From Norman Levitt’s Prometheus Bedeviled:
[T]he authoritarian presuppositions that had to be defeated for democracy to emerge as our primary political paradigm were closely linked, and sometimes identical, with the obscurantist articles of faith that science had to sweep aside in order to gain its place at the center of our contemporary knowledge system…The entrenchment of dogmatic religion was (and, to some extent, still is) an important prop of a social order based on hereditary caste and class. Simultaneously, it was wedded to an epistemology that automatically excluded both the modes of inquiry on which science depends and the conclusions about the physical and biological universe to which it inexorably led.
This suggests, to me, a way in which religious indoctrination really can be seen as a kind of abuse – intellectual or cognitive abuse.
It’s not just the obvious: that dogmatic articles of faith represent a mistaken way to go after understanding about the world; it’s because dogma can’t be contradicted or refuted. That makes it a trap. It prevents, rules out, forbids, closes off precisely what we need, which is a permanent on-going process of questioning, examining, thinking, that goes with a sense that anything and everything can be questioned – that there is nothing walled off in a shrine, a sanctum, an ark of the covenant, a kaaba, a holy of holies.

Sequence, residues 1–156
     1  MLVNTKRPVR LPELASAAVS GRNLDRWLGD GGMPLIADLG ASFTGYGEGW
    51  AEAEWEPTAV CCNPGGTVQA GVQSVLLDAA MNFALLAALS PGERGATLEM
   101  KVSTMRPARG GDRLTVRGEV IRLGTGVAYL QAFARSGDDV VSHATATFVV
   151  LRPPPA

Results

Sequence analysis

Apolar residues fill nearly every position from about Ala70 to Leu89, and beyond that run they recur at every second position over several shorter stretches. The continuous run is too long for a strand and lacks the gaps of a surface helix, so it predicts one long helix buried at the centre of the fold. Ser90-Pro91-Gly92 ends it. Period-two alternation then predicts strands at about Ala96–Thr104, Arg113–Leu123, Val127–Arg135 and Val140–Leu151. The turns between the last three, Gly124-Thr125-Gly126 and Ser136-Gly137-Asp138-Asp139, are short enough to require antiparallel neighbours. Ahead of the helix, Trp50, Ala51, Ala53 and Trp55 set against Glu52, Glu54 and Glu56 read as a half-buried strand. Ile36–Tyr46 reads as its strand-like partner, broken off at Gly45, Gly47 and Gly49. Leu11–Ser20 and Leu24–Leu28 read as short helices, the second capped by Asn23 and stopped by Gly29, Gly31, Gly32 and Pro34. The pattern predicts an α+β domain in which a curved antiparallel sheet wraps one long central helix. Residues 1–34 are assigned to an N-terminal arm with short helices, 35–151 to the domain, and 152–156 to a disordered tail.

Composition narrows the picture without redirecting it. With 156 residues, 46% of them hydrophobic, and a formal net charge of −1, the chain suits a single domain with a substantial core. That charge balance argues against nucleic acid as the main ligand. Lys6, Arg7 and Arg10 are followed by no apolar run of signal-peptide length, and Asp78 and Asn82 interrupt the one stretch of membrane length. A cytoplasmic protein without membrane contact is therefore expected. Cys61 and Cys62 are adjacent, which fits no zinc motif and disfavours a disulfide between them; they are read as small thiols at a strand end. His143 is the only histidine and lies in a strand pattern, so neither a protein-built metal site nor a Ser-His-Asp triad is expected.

When that is done to children, it is a form of cognitive or epistemic abuse. It trains children who are, precisely, too young to be skeptical of what they are told, to think in the wrong way – it disables a basic part of their cognitive functioning before they’ve had a chance to form it. Since they are too young even to be able to resist, this is a cheat, an abuse of power via age-difference. It’s like foot-binding in that way – like distorting young soft bones into a deformed, disabled shape.
In other words it creates an intellectual disability, a mental handicap. It’s similar to handicapping children for begging purposes, as some desperate parents do. Some former children can overcome the handicap later, of course, but many never get the chance. This is a basic injustice. It’s not one that can be fixed by laws or social workers, but that does not mean it’s not a real one.